Sometimes I wonder how it all went so horribly wrong. When I was growing up chicken was something that we had only on very special occasions - my birthday, my brother's birthday, Christmas and Easter. I can't remember if we also had it on Mum's and Dad's birthdays - maybe not - as only parents can, it's entirely possible that Mum and Dad went without so Geoff and I could have a real treat on our birthdays.
You see back then chicken was something of a luxury - I guess that was before someone discovered that if they did horrible, unmentionable things to chickens (instead of letting them run around naturally, and grow at a normal pace), they could churn them out by the thousands, thus making them incredibly cheap and we could afford to dine on them every night of the week. Somewhere along the way, we turned into such an "I want it, and I want it now" kind of society, driven by greed rather than need, that it became okay to eat chicken five nights a week regardless of the consequences. Yes, the price on that Gladwrapped packet at the supermarket is cheap, but it doesn't reflect the many other environmental and social costs that you are paying in other ways and don't even notice.
Now I could turn this into a whole post about the virtues of organic, free-range chicken, but ... enough said for now, you can obviously tell where I'm coming from on this subject. That was a little bit of a digression, so back to the point, which was about chicken being something special and reserved for celebratory meals.
Roast chicken was always my birthday treat - it was my stand-out, altogether, most favourite meal and I used to look forward to it all year (along with the cherry cake that Mum also always made for my birthday). Then, one year I sat down to the dinner table on the evening of my birthday, quivering with anticipation, when ... horror of horrors ... I was presented with some kind of chicken casserole. I thought my whole world had come to an end - instead of the burnished, golden, crispy-skinned bird I expected to see before me, I witnessed pale, shredded up bits of chicken, floating around with carrots and onions (blech - two least favourite things in the world at that age) in a pale, insipid, creamy white sauce (blech again!). To this day, I have no idea what possessed my mother, since she knew I hated anything stew or casserole-like, especially anything with carrots and onions in it, and she also knew that plain roast chicken was my favourite meal. What an earth she was thinking goodness knows, but she had obviously discovered a new recipe somewhere and thought she was making a special treat. Of course, with all the cruelty and heartlessness that only a child can muster, I remember having a complete tantrum and telling my mother that she had completely ruined my birthday, and "it was the worst birthday of my whole life"!! A cook myself, now, I can reflect on how horribly hurtful my lack of gratitude must have been after she had spent several hours slaving away in the kitchen.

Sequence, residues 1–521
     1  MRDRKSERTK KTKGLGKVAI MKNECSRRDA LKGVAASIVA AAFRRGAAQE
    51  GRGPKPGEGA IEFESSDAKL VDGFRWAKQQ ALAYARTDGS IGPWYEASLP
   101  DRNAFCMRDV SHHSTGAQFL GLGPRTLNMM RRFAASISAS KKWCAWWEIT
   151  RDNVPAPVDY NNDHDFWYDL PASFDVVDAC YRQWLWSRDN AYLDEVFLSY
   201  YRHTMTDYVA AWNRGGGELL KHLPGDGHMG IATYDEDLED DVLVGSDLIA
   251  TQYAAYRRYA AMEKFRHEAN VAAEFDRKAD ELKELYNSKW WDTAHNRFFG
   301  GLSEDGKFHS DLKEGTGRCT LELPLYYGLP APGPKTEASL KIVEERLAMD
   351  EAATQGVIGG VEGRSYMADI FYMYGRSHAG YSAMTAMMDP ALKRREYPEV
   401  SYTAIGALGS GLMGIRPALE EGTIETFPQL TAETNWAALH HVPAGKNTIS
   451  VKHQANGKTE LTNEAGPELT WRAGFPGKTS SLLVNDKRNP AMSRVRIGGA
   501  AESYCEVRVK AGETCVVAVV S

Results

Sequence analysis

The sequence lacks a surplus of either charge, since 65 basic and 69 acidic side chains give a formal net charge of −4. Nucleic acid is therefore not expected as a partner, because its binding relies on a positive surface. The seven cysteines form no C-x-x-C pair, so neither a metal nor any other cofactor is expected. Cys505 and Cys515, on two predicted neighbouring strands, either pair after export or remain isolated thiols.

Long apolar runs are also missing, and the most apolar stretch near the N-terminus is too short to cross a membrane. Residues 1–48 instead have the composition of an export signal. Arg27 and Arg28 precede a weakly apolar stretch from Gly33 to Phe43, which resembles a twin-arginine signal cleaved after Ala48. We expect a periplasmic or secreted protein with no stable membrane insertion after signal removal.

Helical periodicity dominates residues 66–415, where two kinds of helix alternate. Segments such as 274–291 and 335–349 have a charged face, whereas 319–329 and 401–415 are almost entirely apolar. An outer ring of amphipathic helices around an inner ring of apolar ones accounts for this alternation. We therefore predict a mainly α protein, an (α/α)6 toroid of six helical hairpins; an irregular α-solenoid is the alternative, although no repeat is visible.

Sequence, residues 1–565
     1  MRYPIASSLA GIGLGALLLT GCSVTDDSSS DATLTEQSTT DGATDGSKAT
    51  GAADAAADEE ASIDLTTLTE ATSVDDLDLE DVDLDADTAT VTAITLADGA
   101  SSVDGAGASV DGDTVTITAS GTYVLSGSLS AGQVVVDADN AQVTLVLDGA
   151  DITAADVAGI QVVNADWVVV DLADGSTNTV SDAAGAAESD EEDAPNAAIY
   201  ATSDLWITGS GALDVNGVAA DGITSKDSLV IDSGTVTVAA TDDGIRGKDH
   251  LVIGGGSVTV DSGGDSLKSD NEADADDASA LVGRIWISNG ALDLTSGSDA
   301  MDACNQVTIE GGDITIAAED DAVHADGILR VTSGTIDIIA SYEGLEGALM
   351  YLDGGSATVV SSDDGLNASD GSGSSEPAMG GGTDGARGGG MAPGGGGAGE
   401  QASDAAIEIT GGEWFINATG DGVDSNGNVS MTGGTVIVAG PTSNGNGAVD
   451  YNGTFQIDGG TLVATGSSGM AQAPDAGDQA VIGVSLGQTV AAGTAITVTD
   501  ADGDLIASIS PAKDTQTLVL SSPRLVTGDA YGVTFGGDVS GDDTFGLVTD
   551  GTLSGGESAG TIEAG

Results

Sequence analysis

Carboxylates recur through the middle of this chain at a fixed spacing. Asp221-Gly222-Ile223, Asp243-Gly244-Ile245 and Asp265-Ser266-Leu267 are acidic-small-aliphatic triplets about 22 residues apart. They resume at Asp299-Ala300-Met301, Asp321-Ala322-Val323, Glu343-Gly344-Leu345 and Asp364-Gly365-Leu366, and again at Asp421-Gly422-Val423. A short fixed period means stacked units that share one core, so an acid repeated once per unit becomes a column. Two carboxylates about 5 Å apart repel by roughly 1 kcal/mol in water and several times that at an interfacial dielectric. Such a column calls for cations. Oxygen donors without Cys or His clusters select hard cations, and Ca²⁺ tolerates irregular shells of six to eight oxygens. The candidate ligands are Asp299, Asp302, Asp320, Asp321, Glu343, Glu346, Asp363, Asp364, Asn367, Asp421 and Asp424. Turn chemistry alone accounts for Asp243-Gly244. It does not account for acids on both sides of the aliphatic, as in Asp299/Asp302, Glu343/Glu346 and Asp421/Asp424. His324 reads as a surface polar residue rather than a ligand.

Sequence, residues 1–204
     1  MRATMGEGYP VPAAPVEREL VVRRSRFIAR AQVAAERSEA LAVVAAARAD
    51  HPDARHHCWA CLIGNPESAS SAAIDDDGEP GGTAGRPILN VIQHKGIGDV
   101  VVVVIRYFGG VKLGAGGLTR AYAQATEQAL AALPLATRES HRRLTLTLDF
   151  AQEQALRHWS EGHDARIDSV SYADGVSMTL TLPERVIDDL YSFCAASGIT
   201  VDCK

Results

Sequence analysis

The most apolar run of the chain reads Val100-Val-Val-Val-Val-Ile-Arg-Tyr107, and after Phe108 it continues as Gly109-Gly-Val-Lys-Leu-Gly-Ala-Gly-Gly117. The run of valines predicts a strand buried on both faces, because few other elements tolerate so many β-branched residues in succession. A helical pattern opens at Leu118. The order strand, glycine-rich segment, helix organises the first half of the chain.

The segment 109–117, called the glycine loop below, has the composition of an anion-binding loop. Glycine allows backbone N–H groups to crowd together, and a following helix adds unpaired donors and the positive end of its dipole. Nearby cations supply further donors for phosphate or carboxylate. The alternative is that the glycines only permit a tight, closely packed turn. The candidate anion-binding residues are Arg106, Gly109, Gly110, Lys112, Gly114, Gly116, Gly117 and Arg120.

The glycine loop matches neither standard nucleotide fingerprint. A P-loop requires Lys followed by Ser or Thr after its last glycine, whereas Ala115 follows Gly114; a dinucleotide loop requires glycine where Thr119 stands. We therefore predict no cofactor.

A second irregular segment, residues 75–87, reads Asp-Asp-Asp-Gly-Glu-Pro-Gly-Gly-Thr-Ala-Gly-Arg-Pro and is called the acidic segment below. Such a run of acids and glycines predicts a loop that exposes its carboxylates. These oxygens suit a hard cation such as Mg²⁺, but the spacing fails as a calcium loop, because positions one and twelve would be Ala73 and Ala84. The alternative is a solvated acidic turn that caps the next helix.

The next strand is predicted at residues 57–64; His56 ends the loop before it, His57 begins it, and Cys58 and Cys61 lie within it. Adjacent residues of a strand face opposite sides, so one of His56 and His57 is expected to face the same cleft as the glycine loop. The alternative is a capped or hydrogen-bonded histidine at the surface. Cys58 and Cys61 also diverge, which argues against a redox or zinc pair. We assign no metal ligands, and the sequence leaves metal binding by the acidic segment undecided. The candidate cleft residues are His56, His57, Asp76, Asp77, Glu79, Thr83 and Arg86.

No doubt, Mum forgave me (as mothers do), and to her credit she did deliver on the cherry cake, but the memory of that chicken casserole has lived on. I had a vague recollection that she called it French Chicken Fricassee. Even though the palate of that ungrateful little wretch has matured considerably over the years, I can tell you that I was still less than enthusiastic about our assignment for the Cooking Italy group this week, which just happened to be Chicken Fricassee.
As you know, we are cooking from Marcella Hazan's "Essentials of Classic Italian Cooking". On looking up the recipe, which incidentally happens to be on page 332 if you have the book, I was relieved to discover no creamy, white sauce, no onions and no carrots - instead I find chicken pieces which are firstly lightly browned and then simmered with porcini mushrooms, tomatoes and white wine. Perhaps I could like this version of Chicken Fricassee after all.